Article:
And it is these harmful symptoms which Dr. Leary is interested in eliminating in order to put her people on the road to healing.

So, after initially expressing the notion that the dysfunction found in African-Americans is nothing to be ashamed of, she exhibits all the care and concern of a doting parent in discussing the introspective path to rebuilding one’s self-esteem. Easier said than done, this involves many steps, perhaps the most difficult being a long, hard look in the mirror to know oneself. For only after confronting and exorcising some societal demons, will one be well enough to interrelate with one’s community from a fresh perspective, as a tender person, fully-informed, considerate and uncompromisingly honest.

Required reading, or should I say therapy, for every African-American.

Related Link:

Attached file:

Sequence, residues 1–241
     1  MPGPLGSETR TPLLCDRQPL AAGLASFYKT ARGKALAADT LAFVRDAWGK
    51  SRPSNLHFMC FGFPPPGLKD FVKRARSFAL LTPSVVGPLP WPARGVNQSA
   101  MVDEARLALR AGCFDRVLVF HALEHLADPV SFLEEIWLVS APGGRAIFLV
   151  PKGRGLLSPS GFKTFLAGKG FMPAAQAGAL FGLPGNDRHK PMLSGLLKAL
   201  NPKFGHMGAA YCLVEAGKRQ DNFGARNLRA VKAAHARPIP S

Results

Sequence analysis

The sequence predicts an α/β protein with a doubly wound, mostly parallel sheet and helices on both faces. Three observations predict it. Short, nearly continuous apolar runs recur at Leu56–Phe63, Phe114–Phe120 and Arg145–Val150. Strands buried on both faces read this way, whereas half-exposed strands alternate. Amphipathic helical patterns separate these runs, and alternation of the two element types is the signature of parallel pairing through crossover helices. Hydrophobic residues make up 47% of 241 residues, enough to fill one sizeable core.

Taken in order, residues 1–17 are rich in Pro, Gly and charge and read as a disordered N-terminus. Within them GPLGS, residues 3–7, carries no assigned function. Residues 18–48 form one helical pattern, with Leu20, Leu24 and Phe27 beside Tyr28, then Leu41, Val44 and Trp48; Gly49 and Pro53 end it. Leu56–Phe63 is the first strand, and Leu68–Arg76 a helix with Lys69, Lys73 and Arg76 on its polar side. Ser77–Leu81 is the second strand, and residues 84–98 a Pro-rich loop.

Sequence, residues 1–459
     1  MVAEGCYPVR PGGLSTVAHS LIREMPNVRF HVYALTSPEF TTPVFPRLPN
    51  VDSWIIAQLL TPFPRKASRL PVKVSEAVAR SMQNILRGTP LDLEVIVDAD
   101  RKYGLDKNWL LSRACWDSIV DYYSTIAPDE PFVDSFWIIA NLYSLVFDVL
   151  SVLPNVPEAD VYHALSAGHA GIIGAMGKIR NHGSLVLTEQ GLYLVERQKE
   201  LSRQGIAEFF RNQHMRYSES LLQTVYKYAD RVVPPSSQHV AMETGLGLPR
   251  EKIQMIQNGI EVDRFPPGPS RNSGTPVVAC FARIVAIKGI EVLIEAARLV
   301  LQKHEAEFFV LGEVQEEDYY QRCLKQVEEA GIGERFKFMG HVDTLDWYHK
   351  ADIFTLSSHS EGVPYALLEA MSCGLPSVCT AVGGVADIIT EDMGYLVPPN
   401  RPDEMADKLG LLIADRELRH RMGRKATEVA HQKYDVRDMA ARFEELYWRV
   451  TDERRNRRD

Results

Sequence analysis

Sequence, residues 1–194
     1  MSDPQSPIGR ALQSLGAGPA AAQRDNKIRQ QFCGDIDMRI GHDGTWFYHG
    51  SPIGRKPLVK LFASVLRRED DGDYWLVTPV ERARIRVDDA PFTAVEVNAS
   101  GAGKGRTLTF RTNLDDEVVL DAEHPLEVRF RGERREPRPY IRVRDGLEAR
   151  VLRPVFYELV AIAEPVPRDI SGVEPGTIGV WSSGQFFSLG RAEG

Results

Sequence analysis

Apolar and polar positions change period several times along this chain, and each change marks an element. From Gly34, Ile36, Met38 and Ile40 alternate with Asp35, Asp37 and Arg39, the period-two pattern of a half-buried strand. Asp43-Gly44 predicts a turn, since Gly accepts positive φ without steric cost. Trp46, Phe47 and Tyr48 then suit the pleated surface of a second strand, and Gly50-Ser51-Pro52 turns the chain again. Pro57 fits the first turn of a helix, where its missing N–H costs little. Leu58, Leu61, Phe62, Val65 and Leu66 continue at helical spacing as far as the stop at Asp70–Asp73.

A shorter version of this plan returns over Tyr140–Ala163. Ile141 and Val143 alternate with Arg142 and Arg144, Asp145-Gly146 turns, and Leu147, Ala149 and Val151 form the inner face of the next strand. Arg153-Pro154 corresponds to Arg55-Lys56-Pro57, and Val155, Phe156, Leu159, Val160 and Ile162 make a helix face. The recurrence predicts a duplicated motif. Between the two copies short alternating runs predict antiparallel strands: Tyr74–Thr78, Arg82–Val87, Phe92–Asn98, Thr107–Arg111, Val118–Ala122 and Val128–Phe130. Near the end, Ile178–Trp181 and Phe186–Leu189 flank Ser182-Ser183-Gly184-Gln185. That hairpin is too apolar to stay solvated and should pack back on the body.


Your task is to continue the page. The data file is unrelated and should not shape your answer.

http://www.posttraumaticslavesyndrome.com

http://www.zimbio.com/portal/RBG Afrikan- Centered Cultural Development and Education/log/rss

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About willbe1960

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One Response to Post-Traumatic Slave Syndrome & More…

  1. heather says:

    Hello!
    I can hardly wait for Monday to get to a bookstore! Your blog sends a powerful punch to me as a woman not just because i have white skin and grew up in overt racist times (b.1955) but also as a mother-in-law of a ‘first generation’ Canadian-Ghanian. The man in the middle of the first picture looks so very much like my son-in-law’s friend, it stunned me.

    My grandchildren live and thrive and struggle in a bi-cultural home. All of our backgrounds (including mine as a person with mental health issues) are discovered through our daily interactions and we work hard to be thoughtful toward the differences in cultural training we received. Blending two traditions is not always easy but so so so worth it!

    The reason i came to your blog is because i have Post Traumatic Stress Disorder (complex and chronic) and the topic interested me. I look forward to reading this book.

    blessings,
    heather